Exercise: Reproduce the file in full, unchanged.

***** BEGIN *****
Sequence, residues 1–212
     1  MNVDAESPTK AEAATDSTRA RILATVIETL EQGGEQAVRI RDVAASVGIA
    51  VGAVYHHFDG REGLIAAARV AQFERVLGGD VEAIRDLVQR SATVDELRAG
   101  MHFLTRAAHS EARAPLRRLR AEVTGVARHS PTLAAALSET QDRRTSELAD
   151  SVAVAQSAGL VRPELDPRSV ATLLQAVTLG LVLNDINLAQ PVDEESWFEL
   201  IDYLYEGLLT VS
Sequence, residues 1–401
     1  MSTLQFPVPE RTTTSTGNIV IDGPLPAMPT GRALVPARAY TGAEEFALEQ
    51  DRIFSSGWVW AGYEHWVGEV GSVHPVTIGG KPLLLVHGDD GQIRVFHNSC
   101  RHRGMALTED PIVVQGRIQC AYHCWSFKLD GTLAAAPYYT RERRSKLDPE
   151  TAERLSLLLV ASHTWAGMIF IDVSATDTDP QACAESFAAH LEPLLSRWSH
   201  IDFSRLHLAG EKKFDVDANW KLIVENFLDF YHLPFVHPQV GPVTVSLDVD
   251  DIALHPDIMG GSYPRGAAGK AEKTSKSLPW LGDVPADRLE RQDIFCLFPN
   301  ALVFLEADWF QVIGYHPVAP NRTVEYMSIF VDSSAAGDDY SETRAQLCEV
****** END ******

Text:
Sequence, residues 1–212
     1  MNVDAESPTK AEAATDSTRA RILATVIETL EQGGEQAVRI RDVAASVGIA
    51  VGAVYHHFDG REGLIAAARV AQFERVLGGD VEAIRDLVQR SATVDELRAG
   101  MHFLTRAAHS EARAPLRRLR AEVTGVARHS PTLAAALSET QDRRTSELAD
   151  SVAVAQSAGL VRPELDPRSV ATLLQAVTLG LVLNDINLAQ PVDEESWFEL
   201  IDYLYEGLLT VS
Sequence, residues 1–401
     1  MSTLQFPVPE RTTTSTGNIV IDGPLPAMPT GRALVPARAY TGAEEFALEQ
    51  DRIFSSGWVW AGYEHWVGEV GSVHPVTIGG KPLLLVHGDD GQIRVFHNSC
   101  RHRGMALTED PIVVQGRIQC AYHCWSFKLD GTLAAAPYYT RERRSKLDPE
   151  TAERLSLLLV ASHTWAGMIF IDVSATDTDP QACAESFAAH LEPLLSRWSH
   201  IDFSRLHLAG EKKFDVDANW KLIVENFLDF YHLPFVHPQV GPVTVSLDVD
   251  DIALHPDIMG GSYPRGAAGK AEKTSKSLPW LGDVPADRLE RQDIFCLFPN
   301  ALVFLEADWF QVIGYHPVAP NRTVEYMSIF VDSSAAGDDY SETRAQLCEV